[Lldb-commits] [PATCH] D103271: [lldb/Target] Select most relevant frame only in case of signal
Jim Ingham via Phabricator via lldb-commits
lldb-commits at lists.llvm.org
Tue Jun 1 15:56:42 PDT 2021
jingham added a comment.
One of the "frame recognizers" - probably the one that's causing this particular problem - is the "assert" recognizer. The idea is that when you call "assert" in user code, you pretty much always end up with a 4 or 5 frames deep stack that wanders it's way from assert to __pthread_kill. But you pretty much never care about any of those stack frames. The stack frame you really want to see is the caller of the assert. So the assert recognizer detects a thread in that situation and resets the selected frame to the assert caller.
So if you only applied recognizers on frames that stopped "with a reason", you would get into the situation where one thread stops because of a breakpoint, say, and gets a cooked presentation because it triggered a recognizer, but then you continue and another thread stops - say for another breakpoint. While you're stopped if you go back to look at the first thread you might see that, even though it had not made any progress, it's presentation was different. That's because it didn't have a stop reason and so didn't trigger the recognizer, but to a user, that's just going to be confusing.
More generally, frame recognizers are about presenting stack frames in some way regardless of the reason why the thread stops. I don't want users to have to guess when they do and don't apply.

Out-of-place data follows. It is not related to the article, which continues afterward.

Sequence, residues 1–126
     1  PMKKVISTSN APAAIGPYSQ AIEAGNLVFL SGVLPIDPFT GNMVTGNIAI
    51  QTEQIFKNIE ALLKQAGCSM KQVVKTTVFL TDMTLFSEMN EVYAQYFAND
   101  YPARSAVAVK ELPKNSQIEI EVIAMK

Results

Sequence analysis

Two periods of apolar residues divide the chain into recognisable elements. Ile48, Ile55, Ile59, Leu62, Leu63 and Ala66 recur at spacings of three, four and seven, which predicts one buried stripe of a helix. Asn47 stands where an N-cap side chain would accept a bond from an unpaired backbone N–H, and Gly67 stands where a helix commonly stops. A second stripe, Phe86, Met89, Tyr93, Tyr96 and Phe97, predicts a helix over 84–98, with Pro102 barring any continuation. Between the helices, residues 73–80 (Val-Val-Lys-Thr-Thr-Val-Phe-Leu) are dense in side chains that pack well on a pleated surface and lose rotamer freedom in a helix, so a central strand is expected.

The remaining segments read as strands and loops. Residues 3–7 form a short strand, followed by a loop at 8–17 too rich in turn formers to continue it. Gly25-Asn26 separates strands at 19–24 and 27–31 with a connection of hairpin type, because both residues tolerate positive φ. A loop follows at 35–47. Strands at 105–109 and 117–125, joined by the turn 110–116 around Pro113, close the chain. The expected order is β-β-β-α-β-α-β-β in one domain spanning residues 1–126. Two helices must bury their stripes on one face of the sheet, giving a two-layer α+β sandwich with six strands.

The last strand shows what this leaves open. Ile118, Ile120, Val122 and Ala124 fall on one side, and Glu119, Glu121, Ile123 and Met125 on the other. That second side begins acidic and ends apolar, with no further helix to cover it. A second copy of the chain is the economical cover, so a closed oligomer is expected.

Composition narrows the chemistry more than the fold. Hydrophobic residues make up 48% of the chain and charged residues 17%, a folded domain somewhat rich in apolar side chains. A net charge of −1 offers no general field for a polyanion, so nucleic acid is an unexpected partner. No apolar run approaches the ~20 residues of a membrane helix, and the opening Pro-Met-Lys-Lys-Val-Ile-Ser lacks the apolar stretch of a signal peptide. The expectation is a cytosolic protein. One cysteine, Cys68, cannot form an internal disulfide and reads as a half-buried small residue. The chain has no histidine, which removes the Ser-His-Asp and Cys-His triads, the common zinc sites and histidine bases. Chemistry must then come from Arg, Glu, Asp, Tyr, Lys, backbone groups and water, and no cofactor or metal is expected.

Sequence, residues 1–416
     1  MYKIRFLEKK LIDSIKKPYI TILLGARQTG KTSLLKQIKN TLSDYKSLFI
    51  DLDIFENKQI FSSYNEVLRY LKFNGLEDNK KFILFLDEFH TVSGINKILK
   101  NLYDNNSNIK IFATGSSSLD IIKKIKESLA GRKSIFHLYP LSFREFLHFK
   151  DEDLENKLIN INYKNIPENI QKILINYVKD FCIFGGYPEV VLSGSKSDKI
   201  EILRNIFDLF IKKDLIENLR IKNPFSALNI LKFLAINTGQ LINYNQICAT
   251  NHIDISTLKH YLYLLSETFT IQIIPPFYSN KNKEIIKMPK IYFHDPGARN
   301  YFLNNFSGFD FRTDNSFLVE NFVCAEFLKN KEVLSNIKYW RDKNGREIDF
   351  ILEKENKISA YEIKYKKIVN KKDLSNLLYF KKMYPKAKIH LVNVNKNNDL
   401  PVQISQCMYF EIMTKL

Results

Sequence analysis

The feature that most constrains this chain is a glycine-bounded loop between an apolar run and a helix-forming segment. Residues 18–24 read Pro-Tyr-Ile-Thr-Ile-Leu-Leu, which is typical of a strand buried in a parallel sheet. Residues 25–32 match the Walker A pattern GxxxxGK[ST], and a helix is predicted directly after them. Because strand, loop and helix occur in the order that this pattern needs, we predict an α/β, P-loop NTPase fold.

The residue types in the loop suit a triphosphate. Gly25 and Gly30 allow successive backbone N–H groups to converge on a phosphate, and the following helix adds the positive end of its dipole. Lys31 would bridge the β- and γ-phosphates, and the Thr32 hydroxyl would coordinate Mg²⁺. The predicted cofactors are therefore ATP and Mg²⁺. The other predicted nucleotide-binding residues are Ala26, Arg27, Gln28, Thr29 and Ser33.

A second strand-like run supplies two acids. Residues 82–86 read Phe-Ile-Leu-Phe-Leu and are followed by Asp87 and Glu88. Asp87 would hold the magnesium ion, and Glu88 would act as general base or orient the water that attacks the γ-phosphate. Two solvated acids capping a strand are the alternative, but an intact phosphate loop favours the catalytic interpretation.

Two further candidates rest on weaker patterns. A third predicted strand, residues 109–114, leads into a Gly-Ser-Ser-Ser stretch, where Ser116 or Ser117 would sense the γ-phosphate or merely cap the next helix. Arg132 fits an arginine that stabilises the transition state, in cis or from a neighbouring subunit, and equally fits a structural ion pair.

So, first off, in situations which are highly sensitive to doing general work on "the stacks of all threads", you probably just want to turn frame recognizers off. To do that, call `frame recognizer clear`. Then none of this work will be done.
But there are two other things to try if you want to keep these recognizers on.
The first is to see if the recognizers can be run lazily when the user prints a thread backtrace. If you stop in the debugger because of a breakpoint, say, and the user never does a "thread list" and only backtraces the stopped thread, we should not pay the cost of running the recognizers on the other threads. It might take a little work to find/make a hook for "thread about to be presented to the user", but that would be a better place to put this computation.
The other thing is that the way the assert frame recognizer is currently written it will always unwind 5 frames looking for the signature of an assert -> __pthread_kill (or whatever it is on other systems...). You could probably rewrite this to be more careful, and only continue unwinding if the first frame or two looked likely to lead to an assert. You're going to have to do this somewhat carefully, however, since you don't want to miss actual asserts.
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